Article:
Tag Archives: Memorial Day

Loneliness Affects Both Survivor & Caregiver

On this Memorial Day weekend when we remember and celebrate the contributions of the countless women and men who have died in service to this country, it’s also an important time to remember those who have survived, and the people who care for them.

A common refrain is that war changes people, and history has shown that when these people try to assimilate back into society after their service, they face isolation, disappointment, and depression, especially when dealing with a disability. A strong multidisciplinary network of medical professionals, social workers, community organizations, family and friends is required to help people through this journey. A network that sadly often breaks down and fails these individuals as evidenced by the increasing and alarming number of suicides among military service-people and veterans.

I don’t have much direct experience caring for current or ex-military, though I did help my dad, a Korean War veteran who passed away in June 2018, manage his later years and his interactions with the Veterans Administration. Dad was an amazingly outgoing and social person through most of his life until my mom died over a decade ago, his health started to fail and his financial situation became dire. He had much in common with others of his generation in his unwillingness to talk about his military experience or his childhood during the Depression and World War II. As he aged, he settled into a disturbingly isolated existence despite the efforts of myself and my sister to keep him active, but he appeared comfortable with this as if he had decided he had done enough during his life and felt it time to simply watch sports, sleep, and eat.

In one of my caregiver support groups, I often hear caregivers lamenting that their spouses or parents who are well into their 80’s or 90’s are doing the same — just lounging through the later (and last) years of their life, and I have mixed feelings about this. I, as I suspect many do, have this vision of being active and vibrant right up to the end — maybe this is what keeps me going, but this needn’t be the only reality. As long a person’s emotional and physical needs are met, who’s to say how they should live their life especially after giving so much for so many years.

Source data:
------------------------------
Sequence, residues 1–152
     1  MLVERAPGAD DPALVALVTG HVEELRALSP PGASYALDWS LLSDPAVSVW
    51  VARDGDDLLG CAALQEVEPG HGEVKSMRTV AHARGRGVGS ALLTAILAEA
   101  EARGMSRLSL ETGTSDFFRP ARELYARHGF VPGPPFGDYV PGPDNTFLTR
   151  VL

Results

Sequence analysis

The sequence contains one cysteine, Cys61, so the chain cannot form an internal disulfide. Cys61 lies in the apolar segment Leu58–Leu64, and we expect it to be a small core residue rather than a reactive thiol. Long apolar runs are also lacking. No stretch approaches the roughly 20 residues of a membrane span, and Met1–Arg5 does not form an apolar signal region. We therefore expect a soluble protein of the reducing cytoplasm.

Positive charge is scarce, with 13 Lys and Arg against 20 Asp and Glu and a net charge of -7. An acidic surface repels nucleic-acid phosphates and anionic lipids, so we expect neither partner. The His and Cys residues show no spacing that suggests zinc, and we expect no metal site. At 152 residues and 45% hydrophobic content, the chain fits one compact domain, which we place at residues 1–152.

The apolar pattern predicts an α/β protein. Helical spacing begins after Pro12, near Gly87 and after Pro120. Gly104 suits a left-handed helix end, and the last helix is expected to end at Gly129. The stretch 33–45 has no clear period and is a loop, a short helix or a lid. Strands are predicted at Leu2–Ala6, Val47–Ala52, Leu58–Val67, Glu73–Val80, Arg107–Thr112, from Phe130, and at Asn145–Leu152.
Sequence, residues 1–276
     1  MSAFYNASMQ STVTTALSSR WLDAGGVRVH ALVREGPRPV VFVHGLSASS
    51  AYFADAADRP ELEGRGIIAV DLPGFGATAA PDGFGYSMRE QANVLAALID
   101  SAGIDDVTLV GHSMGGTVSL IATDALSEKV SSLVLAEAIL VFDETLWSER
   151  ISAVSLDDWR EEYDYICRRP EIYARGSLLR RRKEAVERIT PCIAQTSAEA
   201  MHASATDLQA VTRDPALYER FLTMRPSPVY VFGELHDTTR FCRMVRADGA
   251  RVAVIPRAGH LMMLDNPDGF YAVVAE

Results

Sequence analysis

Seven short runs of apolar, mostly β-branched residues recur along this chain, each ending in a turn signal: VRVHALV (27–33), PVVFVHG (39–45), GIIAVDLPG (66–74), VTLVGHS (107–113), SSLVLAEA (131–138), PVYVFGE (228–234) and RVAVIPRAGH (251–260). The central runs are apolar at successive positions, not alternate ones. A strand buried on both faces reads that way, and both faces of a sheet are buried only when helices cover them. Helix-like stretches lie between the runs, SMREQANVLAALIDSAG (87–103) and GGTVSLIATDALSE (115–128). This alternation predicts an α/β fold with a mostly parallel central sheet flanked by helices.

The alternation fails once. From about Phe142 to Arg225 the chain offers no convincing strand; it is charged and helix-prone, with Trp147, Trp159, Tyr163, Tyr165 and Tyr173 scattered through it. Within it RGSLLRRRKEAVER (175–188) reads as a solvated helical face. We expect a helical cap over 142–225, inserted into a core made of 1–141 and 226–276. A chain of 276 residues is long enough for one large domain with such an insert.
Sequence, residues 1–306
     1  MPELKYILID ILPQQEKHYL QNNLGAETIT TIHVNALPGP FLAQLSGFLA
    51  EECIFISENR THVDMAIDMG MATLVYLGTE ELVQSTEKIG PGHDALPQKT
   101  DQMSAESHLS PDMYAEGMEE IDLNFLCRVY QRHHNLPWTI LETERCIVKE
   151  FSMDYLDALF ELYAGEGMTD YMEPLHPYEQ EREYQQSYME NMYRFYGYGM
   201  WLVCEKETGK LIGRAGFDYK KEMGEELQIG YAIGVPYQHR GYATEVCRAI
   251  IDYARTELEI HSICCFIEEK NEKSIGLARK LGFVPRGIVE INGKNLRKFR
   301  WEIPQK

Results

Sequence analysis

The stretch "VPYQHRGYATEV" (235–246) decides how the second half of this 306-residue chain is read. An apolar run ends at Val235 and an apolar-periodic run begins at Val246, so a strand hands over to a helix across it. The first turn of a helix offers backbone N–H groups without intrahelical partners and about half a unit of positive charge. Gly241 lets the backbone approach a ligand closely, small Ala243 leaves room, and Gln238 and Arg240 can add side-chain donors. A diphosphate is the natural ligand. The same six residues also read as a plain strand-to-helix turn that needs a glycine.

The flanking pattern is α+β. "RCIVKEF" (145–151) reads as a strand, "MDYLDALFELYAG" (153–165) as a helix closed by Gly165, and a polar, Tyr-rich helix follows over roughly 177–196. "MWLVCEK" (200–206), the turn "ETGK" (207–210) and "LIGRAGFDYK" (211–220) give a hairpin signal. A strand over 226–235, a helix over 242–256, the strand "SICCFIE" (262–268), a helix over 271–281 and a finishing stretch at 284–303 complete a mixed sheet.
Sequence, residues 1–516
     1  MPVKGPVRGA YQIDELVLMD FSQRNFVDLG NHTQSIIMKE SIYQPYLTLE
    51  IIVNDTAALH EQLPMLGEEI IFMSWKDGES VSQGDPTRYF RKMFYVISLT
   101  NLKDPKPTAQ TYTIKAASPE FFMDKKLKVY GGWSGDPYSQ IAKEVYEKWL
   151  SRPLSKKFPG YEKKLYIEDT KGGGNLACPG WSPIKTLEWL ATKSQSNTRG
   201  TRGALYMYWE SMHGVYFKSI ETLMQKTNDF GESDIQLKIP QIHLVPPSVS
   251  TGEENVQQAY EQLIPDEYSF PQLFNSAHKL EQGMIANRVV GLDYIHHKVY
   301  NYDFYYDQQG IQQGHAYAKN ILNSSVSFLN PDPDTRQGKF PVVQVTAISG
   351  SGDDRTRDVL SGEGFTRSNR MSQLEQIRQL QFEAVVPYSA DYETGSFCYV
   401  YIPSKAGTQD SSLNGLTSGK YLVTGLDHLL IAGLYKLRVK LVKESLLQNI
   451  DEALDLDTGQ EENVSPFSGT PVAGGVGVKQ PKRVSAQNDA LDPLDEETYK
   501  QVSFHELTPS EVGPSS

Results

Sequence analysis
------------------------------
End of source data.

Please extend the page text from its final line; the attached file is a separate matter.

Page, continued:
But I digress … I see a similarity between what military survivors (and their caregivers) face, and what the survivors of any extraordinary medical event such as stroke and their caregivers face, and that is loneliness.

A traumatic brain injury or cancer or any life threatening event that has lasting implications creates barriers between the survivor and the rest of the world. These barriers might affect communication, physical activity, financial security or more, and may be actual or perceived. The isolation that results takes a person who might have been active, social and self-sufficient, and makes s/he dependent, depressed and lonely. It can literally take a village to break through this and keep the survivor vibrant and engaged. We often see stories on the news of survivors who overcame great odds and rose to great heights — these stories are inspiring and offer hope, but they are also rare, and out of the reach of many.